A new hot spot fires up the local scene
Cellars by Starlight by Brett Milano
On a back stretch of Somerville Avenue, just next to a liquor store and across
from an auto-body shop, sits the venue formerly known as Club 3. The spot was
known for years as the suburban joint where the less-than-great bands came out
to play. As of last week, its innards were still a mess of wood, tarps, and
scaffolding. But if all goes according to plan, this former humble club is
about to become one of the new centers of Boston-area nightlife.
The venue will be rechristened as Lilli's this Saturday, when Buffalo Tom and
Fuzzy break it in on opening night. The place is named for local nightlife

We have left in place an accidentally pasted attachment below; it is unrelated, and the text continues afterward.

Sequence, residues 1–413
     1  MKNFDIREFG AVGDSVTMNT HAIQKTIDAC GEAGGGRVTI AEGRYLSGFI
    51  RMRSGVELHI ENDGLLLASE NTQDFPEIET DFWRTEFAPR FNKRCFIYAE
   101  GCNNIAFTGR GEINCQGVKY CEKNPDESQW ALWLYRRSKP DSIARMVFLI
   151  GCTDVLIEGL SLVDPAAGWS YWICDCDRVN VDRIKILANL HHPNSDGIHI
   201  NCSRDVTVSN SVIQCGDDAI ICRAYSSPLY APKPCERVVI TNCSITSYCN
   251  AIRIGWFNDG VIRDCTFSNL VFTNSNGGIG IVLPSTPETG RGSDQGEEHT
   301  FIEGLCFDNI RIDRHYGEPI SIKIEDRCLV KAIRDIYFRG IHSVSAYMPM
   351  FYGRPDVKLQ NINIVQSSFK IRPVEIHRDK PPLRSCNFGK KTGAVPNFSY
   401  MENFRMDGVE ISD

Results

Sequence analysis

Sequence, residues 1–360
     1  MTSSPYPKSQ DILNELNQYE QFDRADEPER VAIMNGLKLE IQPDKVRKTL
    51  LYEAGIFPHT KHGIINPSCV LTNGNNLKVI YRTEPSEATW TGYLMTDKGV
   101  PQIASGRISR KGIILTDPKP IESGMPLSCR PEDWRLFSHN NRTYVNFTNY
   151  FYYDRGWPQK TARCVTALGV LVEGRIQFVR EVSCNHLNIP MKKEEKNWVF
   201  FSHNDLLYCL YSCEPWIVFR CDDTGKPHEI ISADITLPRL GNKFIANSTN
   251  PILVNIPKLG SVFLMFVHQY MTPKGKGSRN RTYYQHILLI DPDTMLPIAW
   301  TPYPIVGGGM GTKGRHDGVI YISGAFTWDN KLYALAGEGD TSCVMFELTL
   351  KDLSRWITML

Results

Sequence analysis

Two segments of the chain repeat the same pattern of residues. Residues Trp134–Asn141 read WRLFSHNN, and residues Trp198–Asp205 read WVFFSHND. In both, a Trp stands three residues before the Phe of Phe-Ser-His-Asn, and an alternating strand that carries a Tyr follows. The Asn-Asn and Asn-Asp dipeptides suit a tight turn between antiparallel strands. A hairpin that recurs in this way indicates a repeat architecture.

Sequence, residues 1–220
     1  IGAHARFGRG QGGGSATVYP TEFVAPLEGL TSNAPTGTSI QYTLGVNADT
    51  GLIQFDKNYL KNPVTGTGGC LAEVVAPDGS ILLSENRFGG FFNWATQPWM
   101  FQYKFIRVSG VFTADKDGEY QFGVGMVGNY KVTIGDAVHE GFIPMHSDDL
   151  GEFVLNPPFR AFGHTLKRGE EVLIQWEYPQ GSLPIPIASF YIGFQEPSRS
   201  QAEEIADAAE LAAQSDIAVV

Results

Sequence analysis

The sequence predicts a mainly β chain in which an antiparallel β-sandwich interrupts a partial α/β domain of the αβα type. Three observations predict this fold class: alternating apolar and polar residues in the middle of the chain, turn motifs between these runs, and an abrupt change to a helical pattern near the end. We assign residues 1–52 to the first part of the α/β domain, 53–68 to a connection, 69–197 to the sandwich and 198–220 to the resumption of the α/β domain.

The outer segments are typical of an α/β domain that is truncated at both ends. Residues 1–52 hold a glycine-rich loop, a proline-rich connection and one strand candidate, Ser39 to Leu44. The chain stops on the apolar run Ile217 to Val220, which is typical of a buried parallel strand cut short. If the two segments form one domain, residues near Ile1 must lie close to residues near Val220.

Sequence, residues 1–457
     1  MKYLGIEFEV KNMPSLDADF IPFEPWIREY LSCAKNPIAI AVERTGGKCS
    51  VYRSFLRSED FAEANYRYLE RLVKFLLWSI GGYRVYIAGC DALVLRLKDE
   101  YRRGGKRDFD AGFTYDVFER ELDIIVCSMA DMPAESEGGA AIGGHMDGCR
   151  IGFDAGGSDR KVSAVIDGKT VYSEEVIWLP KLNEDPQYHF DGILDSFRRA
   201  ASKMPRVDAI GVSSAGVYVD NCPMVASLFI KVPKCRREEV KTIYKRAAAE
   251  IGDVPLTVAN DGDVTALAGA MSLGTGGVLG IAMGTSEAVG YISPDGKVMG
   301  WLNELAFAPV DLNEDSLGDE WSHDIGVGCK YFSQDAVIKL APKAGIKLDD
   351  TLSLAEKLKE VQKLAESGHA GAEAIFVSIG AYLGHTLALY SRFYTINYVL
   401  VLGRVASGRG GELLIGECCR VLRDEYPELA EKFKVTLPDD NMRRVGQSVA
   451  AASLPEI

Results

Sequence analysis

legend Lilli Dennison, who owns it with B Side Lounge owner Patrick Sullivan
and local DJ/keyboardist/entrepreneur Brother Cleve. It was an open secret that
the three partners were making moves to buy Club 3 last fall -- Sullivan made
the initial proposal to Dennison, who was working at the B Side, and to Cleve,
who was DJing there. The deal was finalized a few days after Christmas. Greg
(Skeggie) Kendall, another long-time member of the local music scene, who had
been working in various capacities in the booking office at the Middle East
over the past few years, signed on as the booking agent soon after that. The
core group spent the next few months rounding up investors; they've spent the
past two weeks painting, prepping, and not sleeping. But then, they knew from
the start what they were getting into.
"I just woke up one day last fall with a hangover and a mortgage and said,
`Guess I own a club,' " Cleve notes when the four of us sit down to lunch.
"There's a lot riding on this, but it's going to be worth it," adds Dennison.
"We've got a lot of ambitions and a lot of hopes, and we're doing all we can to